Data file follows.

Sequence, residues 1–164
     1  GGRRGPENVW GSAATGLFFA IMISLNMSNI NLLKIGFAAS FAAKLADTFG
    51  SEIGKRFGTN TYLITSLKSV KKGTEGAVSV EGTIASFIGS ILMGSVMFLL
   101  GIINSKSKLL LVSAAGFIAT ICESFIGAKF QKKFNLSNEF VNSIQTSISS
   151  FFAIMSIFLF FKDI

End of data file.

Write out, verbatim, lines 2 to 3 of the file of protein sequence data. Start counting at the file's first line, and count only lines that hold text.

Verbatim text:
     1  GGRRGPENVW GSAATGLFFA IMISLNMSNI NLLKIGFAAS FAAKLADTFG
    51  SEIGKRFGTN TYLITSLKSV KKGTEGAVSV EGTIASFIGS ILMGSVMFLL